Girly saw like mine?
     
  15. Bandit99

    Bandit99 Monkey+++ Site Supporter+

    I think it would be a deal at $100 bucks and I'd jump on one for that price.
     
  16. natshare

    natshare Monkey+++

    Yep, similar to that. Like I said, once I got the hang of it, it was actually pretty quick to use.
     
  17. arleigh

    arleigh Goophy monkey

    I don't file/sharpen arbitrarily, IMO it both wastes time and teeth.
    I touch up whats dull, and do it free hand .
    After a few years you know what a good factory cut looks like, and you mimic it .
    Much like sharpening any thing, even knives, saws, and drill bits.
    A good guide to start with is a premier for getting your muscle memory developed , but I feel I need to get a good look at what I'm doing, than rely on machinery to do it all .
     
  18. duane

    duane Monkey+++

    Have several different chain saw sharpeners, but end up doing 90 % by eye or using the Oregon hand file type.. New Sthil requires a super sharp chain as the chain moves very fast. Touch it up a few strokes about ever fill up and it works nice, but old Husky runs slow and throws a big chip and it only requires sharpening a couple times a day. Rakers set the depth of cut and seem to be just about as important as the tooth. The Oregon wheel type sharpener is really good, but it takes a lot of skill to set up, run and dress wheel. Never have been able to keep up skills with the few chains I sharpen and it takes quite a bit off the tooth and if done wrong, can ruin the temper.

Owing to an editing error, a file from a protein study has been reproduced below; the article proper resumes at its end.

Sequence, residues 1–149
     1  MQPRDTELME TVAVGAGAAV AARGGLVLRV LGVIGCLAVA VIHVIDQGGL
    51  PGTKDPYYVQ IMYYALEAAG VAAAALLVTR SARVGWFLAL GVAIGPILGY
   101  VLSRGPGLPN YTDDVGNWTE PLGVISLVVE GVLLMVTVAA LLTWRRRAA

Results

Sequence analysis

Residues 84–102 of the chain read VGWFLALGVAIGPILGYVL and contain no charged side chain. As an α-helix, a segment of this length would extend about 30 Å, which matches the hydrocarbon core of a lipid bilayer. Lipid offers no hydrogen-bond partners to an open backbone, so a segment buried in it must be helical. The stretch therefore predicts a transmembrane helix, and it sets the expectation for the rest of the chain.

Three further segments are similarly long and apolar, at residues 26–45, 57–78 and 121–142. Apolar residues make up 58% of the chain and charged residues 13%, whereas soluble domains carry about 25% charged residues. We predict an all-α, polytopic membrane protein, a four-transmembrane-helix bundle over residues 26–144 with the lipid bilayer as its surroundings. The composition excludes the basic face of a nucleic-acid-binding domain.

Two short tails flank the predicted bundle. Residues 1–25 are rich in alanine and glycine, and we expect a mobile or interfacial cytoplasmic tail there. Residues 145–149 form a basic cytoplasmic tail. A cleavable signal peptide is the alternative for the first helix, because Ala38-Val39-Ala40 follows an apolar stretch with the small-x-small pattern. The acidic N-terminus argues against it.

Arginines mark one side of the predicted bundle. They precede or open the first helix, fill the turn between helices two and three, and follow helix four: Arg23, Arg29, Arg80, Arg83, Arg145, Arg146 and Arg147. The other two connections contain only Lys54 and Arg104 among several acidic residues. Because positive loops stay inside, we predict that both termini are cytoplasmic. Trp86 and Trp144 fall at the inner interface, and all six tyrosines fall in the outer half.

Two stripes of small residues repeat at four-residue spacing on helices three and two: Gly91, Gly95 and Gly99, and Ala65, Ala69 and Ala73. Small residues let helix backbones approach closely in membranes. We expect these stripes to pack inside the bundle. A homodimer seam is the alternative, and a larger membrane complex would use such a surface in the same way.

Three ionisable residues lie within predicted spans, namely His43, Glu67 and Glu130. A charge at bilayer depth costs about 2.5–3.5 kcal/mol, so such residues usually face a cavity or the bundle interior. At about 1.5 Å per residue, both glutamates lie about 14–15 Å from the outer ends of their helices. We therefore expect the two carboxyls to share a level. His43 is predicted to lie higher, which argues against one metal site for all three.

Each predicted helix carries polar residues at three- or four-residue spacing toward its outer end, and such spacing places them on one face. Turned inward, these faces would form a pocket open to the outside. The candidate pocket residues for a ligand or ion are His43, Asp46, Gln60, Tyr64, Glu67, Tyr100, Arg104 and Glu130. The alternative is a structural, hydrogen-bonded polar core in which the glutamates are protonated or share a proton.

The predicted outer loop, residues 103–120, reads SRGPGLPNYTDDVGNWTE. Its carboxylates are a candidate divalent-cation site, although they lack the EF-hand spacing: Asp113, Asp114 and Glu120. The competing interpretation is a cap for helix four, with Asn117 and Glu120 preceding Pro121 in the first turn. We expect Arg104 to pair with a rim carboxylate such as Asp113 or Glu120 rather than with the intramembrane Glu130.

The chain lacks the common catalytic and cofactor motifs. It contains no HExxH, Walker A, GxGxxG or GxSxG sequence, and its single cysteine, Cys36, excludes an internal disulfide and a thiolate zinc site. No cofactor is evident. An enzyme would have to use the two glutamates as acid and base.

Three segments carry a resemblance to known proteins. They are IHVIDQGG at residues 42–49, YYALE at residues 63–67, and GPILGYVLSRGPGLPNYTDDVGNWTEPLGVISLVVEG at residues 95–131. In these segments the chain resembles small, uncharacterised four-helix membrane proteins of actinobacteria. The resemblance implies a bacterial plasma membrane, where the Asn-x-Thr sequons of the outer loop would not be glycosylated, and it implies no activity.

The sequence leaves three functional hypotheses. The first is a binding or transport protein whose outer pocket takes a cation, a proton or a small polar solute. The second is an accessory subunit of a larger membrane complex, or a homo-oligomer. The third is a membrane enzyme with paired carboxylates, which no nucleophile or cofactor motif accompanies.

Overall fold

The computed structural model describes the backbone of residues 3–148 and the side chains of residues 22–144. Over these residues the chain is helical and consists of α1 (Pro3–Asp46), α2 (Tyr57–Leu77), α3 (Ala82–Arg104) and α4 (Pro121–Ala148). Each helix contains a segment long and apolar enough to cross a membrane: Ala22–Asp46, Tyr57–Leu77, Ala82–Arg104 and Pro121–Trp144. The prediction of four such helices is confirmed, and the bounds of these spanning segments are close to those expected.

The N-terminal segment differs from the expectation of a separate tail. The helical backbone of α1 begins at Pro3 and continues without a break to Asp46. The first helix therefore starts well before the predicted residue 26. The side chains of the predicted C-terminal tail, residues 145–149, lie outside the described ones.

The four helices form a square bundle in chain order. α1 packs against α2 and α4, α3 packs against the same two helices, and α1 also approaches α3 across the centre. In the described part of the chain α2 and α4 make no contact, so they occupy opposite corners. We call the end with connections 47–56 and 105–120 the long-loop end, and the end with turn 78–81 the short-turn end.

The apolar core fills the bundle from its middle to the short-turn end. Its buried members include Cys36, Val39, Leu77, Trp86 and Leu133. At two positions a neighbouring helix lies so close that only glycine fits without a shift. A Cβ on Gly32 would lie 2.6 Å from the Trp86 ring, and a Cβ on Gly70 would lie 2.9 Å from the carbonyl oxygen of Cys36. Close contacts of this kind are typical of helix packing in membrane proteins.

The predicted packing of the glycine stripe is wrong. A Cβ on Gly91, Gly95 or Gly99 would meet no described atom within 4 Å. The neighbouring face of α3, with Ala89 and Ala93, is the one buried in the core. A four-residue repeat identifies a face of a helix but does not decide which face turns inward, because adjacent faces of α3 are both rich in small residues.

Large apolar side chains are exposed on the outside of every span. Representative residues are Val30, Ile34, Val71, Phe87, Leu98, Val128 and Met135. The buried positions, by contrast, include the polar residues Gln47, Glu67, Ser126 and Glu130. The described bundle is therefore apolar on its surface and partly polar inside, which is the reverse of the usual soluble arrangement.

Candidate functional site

Gator 45/70 likes this.
  19. kckndrgn

    kckndrgn Monkey+++ Moderator Emeritus Founding Member

    Looks nice, but at that price point I'll stick with my files for touch-ups and chainsaw sharpener (disc grinding wheel) for really dull chains. For how often I need to sharpen a the chainsaw, I don't think it's worth it. I'm like BT, I have a hook for dull chains, when I get to one sharp chain left, I pull out the grinder and sharpen them all.

    Does that sharpener allow for different angles on the teeth? I have 2 chains that are rippers for cutting logs into boards with a mill.
     
    BTPost likes this.